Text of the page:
The photos below illustrate how WSA worked with State Auto Insurance to meet their employee driven goals when outfitting their Des Moines office. Notice in the first image how the energized workspace featuring different seating configurations and break-out spaces is highlighted by text and large murals connecting employees to State Auto’s mission. Notice in the second image how the quiet, blue spaces in the back are acoustically treated with closable doors, ceiling panels, and privacy screens. The quiet walls support the type of work that will happen in this room. Each of our architects, interior designers, and environmental graphic designers worked toward the same set of goals. The result is an environment that works to engage employees with their company’s mission while driving employee satisfaction and productivity.

   

Organizational Value

The second reason WSA integrates design is to add organizational value. Good design should function for more than one purpose, and, if it doesn’t, it’s unnecessary. In the above scenario, the afterthought addition of graphic elements on the walls of private offices offer one purpose: to take blank space and make it not blank. That’s nice, but is it worth the investment if it doesn’t also encourage groups to engage and devise the next great product? Afterthought design doesn’t motivate groups to come together, to be connected by the mission of their organization. Afterthoughts don’t exhibit confidence. And they don’t offer any thoughtful consideration for value propositions or engagement. A 2019 Gallup poll found that “organizations that are the best in engaging their employees achieve earnings-per-share growth that is more than four times that of their competitors.” Why is this? Employee and customer engagement. What do employees experience when they come into work every day? What do partners and customers receive when they get to a space? It matters.

WSA believes that design is a long-term plan. Having intimate discussions about the deep roots of the business, accessing core beliefs, vision, and strategic mission guides our design instincts. We have a process that calculates the return on investment by using the organization as the benchmark. State Auto Insurance Companies exists because of a promise to serve the communities they’re in, stating “It starts with our smart, sincere and supportive people” as their foundation. That’s how WSA approaches the design of their spaces. Specifically, in Des Moines, we had all-hands-on-deck visioning sessions that approached the people first elements of the business, understanding that the ratio of employee engagement is directly related to the capacity to serve clients. Engaged employees spread positivity and confidence. Their clients feel that confidence and trust State Auto with their investments.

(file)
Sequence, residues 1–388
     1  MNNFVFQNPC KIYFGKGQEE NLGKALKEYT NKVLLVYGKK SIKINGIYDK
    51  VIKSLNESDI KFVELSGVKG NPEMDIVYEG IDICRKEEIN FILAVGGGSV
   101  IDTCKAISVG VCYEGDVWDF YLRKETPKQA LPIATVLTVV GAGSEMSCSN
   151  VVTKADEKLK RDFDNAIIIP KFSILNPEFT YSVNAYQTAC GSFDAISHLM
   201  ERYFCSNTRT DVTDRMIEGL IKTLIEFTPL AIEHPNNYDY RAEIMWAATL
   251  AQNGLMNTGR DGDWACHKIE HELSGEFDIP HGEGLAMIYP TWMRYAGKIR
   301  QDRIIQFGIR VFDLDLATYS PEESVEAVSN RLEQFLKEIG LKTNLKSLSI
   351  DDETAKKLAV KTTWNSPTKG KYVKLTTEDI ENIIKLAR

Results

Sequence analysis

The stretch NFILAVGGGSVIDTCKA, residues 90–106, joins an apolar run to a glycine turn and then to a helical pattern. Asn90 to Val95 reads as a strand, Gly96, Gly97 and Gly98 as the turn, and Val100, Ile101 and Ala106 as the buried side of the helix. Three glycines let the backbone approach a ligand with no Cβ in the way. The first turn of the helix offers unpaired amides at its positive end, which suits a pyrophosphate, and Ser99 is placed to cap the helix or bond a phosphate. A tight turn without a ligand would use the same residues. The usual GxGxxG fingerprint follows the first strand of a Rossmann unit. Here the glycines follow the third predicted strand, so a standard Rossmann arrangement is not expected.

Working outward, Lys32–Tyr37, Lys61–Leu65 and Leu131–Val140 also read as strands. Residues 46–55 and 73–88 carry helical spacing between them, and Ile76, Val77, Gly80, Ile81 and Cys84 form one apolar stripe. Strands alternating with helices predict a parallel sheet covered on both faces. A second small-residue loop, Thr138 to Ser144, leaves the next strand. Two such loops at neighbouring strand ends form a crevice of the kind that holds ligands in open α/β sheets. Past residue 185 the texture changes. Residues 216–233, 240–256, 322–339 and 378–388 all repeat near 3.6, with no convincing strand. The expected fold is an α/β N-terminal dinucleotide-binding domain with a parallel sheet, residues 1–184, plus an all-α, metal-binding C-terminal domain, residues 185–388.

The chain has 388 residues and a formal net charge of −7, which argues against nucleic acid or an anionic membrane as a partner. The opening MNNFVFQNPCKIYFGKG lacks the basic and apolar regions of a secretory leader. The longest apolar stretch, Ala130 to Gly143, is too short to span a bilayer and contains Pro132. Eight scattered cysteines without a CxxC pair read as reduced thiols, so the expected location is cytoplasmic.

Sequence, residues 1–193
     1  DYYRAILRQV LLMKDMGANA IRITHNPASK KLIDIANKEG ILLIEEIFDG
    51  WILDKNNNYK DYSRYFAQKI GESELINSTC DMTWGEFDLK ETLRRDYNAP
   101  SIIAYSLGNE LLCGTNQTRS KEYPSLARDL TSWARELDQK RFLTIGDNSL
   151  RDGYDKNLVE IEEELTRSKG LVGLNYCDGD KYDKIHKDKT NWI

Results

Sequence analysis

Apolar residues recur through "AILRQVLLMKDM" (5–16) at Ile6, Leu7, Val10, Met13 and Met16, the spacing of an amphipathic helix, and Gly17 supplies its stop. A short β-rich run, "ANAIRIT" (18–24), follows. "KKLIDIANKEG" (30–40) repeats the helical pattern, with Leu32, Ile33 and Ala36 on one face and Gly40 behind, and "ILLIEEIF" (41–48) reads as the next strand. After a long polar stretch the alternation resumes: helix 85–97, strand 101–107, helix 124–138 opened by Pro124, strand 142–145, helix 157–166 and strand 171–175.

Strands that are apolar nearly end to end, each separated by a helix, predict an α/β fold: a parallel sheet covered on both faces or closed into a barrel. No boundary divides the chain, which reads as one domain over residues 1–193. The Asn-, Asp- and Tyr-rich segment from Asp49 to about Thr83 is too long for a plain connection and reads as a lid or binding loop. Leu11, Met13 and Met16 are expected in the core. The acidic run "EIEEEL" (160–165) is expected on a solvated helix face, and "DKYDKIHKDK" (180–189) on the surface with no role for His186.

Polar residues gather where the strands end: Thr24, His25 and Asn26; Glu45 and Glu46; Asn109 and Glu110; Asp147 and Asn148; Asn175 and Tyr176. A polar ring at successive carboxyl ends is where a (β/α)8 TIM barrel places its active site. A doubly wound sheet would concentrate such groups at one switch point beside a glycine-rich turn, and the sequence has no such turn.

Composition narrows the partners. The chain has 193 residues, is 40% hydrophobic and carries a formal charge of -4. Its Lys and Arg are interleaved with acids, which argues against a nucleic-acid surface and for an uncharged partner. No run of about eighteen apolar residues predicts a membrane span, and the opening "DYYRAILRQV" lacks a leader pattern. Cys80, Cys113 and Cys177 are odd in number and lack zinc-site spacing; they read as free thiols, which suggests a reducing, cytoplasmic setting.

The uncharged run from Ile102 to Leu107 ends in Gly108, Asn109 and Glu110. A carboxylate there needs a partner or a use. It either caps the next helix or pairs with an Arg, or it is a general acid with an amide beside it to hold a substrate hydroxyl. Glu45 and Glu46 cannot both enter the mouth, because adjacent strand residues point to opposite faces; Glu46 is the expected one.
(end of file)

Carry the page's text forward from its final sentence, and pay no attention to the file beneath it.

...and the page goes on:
State Auto’s ROI Model

State Auto considers their business successful when they have and keep “smart, sincere, and supportive people.” That’s the baseline. How do we get that? Connected, engaged employees > clients who are confident about placing trust in State Auto’s employees > profitability > keeping “smart, sincere, and supportive people” from employees to clients. To boil it down, the investment in the WSA approach to integrated design ensures that model is successful because the process starts with the organization first.

   

Cost Savings

The third reason we’ve integrated environmental graphics into our process, and potentially the most important to many of our clients, is that the WSA approach to design is cheaper. In the above scenario, that business owner spent a lot of money. Depending on the square footage of the space, the technological demands, the furniture requirements, the structure, and a variety of other factors, the architecture alone is not cheap. The environmental graphic design, alone, is not cheap.

What goes into that cost? We bill our clients like most firms do: we calculate what it costs us to pay the people working on the project and we add on cost to support the overhead and profit functions of our business. How do environmental graphics organizations do it? The exact same way. So, when you pay for both firms separately, you’re paying for two sets of overhead costs and two calculations for profit. Why would you (a business owner) ever want to pay more money for a service that doesn’t give the best results? The answer: you wouldn’t. With WSA, you’re paying for the cost of the labor and one overall overhead cost. The best part is that you get a design that guides employee behavior and a return on your investment: an environment that works. And, you guys, it’s going to look good.